I always pull out volunteer tomato seedlings, because they always turn out to be a bland cherry variety. I left just one because it was in such a good spot for a tomato: backed by a warm stucco wall that will keep a heat-loving plant nice and warm, surrounded by nothing at all (plenty of space), and with a conveniently located sprinkler right adjacent.
It grew and looked just as good as the ones in the raised beds, if not a little better. It figures! Prep the soil, select the best varieties, plant carefully, water at the exact recommended intervals, and the purchased pampered plants are outdone by a random seed sprouting in plain dry native soil.
It looked so healthy and vigorous, I assumed it would be a bland cherry variety. Nope!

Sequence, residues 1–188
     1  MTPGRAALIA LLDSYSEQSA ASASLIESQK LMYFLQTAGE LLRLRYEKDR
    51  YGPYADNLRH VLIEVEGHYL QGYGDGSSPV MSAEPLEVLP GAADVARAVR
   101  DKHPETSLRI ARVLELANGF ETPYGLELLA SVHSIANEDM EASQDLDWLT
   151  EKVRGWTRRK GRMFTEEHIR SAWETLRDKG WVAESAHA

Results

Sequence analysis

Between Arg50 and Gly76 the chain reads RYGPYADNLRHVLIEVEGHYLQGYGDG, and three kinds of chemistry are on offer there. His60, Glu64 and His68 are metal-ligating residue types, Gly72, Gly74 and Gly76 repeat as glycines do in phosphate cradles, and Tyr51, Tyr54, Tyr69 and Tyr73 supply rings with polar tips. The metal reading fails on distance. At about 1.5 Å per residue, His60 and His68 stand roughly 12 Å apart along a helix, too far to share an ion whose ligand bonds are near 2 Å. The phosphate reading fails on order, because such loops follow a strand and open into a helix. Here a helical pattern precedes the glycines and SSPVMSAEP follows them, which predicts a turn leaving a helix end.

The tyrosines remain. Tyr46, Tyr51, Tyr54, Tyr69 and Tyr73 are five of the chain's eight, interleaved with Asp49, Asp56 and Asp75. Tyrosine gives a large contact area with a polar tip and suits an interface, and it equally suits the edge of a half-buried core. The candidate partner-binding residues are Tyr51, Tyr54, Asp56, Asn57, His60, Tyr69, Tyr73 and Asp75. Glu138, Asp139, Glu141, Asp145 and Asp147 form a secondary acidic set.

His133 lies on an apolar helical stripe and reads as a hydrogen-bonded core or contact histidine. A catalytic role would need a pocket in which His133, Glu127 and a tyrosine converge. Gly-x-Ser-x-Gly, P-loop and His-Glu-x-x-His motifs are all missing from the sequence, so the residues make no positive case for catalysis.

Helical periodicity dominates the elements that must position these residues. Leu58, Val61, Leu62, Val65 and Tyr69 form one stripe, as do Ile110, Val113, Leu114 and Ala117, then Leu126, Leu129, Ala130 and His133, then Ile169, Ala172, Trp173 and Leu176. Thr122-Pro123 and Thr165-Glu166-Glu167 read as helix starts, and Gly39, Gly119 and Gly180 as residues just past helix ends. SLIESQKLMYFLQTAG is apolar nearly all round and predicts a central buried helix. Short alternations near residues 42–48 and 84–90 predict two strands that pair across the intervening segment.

Appears to be an heirloom of some kind--all the fruits are asymmetrical and somewhat lobed. 'Brandywine'? 'Black Krim'? 'Cherokee Purple'? They are all varieties we've planted in the past. I'm looking forward to seeing what this one turns out to be. Tasty, I hope. I'll let you know how it develops.
While I was on my way to photograph the volunteer veggie, Shasta Daisy was complementing Geranium 'Jolly Bee':
The Bougainvillea on the front slope looks spectacular. I whacked it down to a stump this winter, in preparation for digging it out, then I didn't have the heart to let Mr. Shovel have his way. Luckily, once a Bougie is well established, you can take it down to nothing and it will roar back with a glorious cloud of color. They bloom on new growth only, and this one is all new growth.
This particular plant had become a rabbit nesting site and shelter, so I was resigned to digging it out, but thought the better of it--that intense violet color is as delicious as an heirloom tomato.